ProTEct-MS Trial Data Reinforce Previous Temelimab Studies

Marta Figueiredo, PhD avatar

by Marta Figueiredo, PhD |

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Higher doses of temelimab were generally safe and resulted in beneficial trends on key neurodegeneration markers in adults with relapsing forms of multiple sclerosis (MS) who already were on rituximab treatment, according to top-line data from the ProTEct-MS Phase 2 clinical trial.

While the study’s small size prevented the detection of statistically significant changes, the observed effect sizes were similar to those reported in previous Phase 2 trials of temelimab.

“Our key objective with ProTEct-MS was to show that temelimab could bring additional benefits on key markers of neurodegeneration in a population of MS patients already treated with a highly-effective anti-inflammatory [therapy],” Jesús Martin-Garcia, the CEO of GeNeuro, the therapy’s developer, said in a press release.

“This objective has been met, as the data show the synergistic potential of targeting neurodegeneration on top of inflammation,” Martin-Garcia added.

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“The fact that we here prove the feasibility and potential added benefit of combining two therapies with different modes of action, is very encouraging,” said Fredrik Piehl, MD, PhD, the trial’s principal investigator and a professor of neurology at Karolinska Institutet, in Sweden.

“Fighting neurodegeneration that drives long-term multiple sclerosis disability is the critical unmet need with current treatment options, and we are pleased to see that the study corroborates findings of previous studies with temelimab,” Piehl added.

GeNeuro now plans to “resume discussions with regulatory authorities and with potential partners to define the best development path combining temelimab and anti-neuroinflammatory treatments to bring the synergistic benefits of temelimab to patients,” Martin-Garcia said.

Temelimab is an experimental antibody that targets and blocks pHERV-W, a specific protein of the human endogenous retrovirus. This virus belongs to a family of viruses thought to account for about 8% of the human genome due to viral infections occurring over several million years.

While most proteins coded by these viral genes do not trigger immune responses in humans, pHERV-W can induce pro-inflammatory responses and has been associated with MS.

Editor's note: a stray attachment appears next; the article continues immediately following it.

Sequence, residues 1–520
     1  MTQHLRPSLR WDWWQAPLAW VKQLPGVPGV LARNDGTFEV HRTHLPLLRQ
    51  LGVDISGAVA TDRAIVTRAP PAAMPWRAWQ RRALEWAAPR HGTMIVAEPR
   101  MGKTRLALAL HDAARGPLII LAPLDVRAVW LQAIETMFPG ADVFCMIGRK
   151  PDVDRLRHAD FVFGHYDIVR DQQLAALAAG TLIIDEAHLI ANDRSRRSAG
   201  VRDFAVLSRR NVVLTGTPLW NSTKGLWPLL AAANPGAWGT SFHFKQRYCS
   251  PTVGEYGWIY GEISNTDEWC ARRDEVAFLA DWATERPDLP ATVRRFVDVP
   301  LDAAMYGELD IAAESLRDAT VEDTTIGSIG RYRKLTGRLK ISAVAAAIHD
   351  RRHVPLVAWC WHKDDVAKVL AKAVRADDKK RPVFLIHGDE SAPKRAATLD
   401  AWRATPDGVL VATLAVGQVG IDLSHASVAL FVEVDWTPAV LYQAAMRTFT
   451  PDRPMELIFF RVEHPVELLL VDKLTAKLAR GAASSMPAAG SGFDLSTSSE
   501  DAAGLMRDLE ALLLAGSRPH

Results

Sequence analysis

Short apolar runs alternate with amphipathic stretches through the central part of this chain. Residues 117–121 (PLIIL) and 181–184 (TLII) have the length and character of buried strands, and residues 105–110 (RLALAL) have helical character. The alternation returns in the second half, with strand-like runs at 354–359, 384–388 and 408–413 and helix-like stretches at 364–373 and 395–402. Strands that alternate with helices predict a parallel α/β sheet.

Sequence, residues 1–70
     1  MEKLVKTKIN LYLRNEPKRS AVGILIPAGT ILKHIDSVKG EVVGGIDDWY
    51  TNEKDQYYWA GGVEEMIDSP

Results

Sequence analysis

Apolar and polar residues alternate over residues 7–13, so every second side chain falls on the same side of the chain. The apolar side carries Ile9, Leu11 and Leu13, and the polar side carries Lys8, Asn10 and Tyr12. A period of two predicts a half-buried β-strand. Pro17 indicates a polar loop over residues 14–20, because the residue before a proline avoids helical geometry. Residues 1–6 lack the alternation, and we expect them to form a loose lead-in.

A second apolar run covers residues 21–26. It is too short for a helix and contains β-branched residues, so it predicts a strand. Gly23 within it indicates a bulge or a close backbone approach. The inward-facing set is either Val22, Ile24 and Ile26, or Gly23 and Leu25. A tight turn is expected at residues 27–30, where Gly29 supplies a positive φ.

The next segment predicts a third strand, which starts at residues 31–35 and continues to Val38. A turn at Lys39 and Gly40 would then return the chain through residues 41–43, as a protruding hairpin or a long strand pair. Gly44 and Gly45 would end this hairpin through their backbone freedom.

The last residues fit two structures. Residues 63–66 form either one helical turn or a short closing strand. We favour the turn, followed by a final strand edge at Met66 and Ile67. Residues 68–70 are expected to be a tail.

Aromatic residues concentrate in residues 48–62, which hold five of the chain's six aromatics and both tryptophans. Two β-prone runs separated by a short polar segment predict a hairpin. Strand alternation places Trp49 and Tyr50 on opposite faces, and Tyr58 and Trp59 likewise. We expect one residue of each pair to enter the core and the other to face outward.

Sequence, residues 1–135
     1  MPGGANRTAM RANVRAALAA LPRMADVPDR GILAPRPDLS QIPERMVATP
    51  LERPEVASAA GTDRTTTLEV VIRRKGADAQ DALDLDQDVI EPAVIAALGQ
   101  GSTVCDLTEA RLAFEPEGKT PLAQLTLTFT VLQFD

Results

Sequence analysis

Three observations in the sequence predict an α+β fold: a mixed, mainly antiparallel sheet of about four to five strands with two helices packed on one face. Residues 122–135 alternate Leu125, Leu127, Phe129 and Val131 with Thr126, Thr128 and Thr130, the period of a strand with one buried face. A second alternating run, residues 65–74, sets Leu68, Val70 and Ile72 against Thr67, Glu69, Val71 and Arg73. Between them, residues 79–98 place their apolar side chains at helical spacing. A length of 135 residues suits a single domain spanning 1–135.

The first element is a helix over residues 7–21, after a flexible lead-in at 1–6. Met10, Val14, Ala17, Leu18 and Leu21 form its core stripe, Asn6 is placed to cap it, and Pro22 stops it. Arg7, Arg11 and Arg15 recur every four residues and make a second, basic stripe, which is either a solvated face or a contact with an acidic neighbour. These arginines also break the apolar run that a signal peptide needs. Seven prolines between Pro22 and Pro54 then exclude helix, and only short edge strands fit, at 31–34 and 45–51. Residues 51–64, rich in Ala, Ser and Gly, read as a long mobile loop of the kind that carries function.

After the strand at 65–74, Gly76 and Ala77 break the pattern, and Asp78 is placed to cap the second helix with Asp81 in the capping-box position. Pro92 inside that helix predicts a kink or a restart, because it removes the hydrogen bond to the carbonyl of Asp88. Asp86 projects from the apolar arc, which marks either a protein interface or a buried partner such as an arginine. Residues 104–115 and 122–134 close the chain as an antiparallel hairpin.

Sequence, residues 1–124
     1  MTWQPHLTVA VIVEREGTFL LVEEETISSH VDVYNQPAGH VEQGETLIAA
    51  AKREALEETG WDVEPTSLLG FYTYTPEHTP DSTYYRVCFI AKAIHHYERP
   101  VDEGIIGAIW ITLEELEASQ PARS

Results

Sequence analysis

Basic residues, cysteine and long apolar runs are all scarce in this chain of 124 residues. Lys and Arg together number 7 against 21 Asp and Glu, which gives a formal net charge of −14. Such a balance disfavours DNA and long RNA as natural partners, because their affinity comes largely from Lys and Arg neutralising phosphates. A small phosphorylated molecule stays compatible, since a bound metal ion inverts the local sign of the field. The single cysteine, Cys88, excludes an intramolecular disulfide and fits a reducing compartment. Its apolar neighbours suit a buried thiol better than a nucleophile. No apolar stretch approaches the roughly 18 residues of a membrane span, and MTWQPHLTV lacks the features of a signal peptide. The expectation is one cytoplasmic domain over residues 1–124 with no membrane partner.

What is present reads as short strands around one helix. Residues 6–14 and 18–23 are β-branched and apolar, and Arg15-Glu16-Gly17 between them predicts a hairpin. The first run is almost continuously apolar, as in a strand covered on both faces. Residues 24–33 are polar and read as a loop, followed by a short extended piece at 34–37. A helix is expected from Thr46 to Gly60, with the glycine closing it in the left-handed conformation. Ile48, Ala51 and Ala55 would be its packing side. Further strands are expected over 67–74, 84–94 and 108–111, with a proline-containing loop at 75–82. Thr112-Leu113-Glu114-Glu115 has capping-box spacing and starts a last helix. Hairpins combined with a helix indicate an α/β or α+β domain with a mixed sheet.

By neutralizing pHERV-W, temelimab is expected to prevent MS-associated inflammatory responses that cause damage to myelin, the fatty sheath that covers and protects nerve fibers.

Data from the previous CHANGE-MS Phase 2 trial (NCT02782858) and its open-label extension study ANGEL-MS (NCT03239860) showed that 18 mg/kg of temelimab (the highest dose tested) reduced brain shrinkage, maintained myelin integrity, and slowed disease progression, compared with a placebo.

However, CHANGE-MS did not meet its main goal of significantly reducing neuroinflammation, and doses used in these trials were considered “conservative” by researchers.

Therefore, GeNeuro launched the ProTEct-MS Phase 2 trial (NCT04480307) to evaluate the safety, tolerability, pharmacokinetics, and pharmacodynamics of higher doses of temelimab (18, 36, or 54 mg/kg) against a placebo in 41 people with relapsing forms of MS.

Pharmacokinetics refers to the therapy’s movement into, through, and out of the body, while pharmacodynamics comprises its effects on the body, which in this case concerned changes in neurodegeneration markers.

All participants were experiencing disease progression without relapses after at least one year of routine treatment with rituximab. Rituximab is an antibody-based therapy used off-label in MS that kills B-cells, a type of immune cell involved in the damaging inflammation in MS.

Either temelimab or a placebo were administered directly into the bloodstream once a month for 48 weeks (nearly one year) at the Karolinska Institutet’s Academic Specialist Center.

Newly announced top-line results showed that all three high doses of temelimab were generally safe and well-tolerated, meeting the trial’s main goal.

There were no treatment-related discontinuations, no serious or severe adverse side effects, and no differences in overall clinical or laboratory safety findings between the therapy and a placebo.

In addition, the therapy, when given after rituximab, was associated with beneficial trends on key parameters of neurodegeneration measured by MRI, including a preservation of brain volume and myelin integrity.

“The effect sizes were of comparable magnitude to those previously observed in the CHANGE-MS and ANGEL-MS trials,” GeNeuro stated in the release.

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Notably, treatment with rituximab followed by temelimab protected against loss of cortical thickness by more than 50% relative to rituximab alone. Temelimab also improved cortical tissue integrity, potentially reflecting myelin repair.

Given that no dose-dependent response was evident across the three doses, additional data from ProTEct-MS and earlier trials need to be further analyzed to determine temelimab’s optimal dose for testing in future trials.

“We are excited by the results of the ProTEct-MS trial as an important step forward for temelimab in its path to treat MS patients in whom disability progresses despite effective control of inflammation and relapses,” said David Leppert, MD, GeNeuro’s chief medical officer.

“We would like to thank all the study participants for their time and commitment to this important research effort, especially in the difficult circumstances of the pandemic during the past two years,” Leppert added. “We are also very grateful for the Karolinska Institutet’s Academic Specialist Center team whose dedication and commitment made this study possible.”

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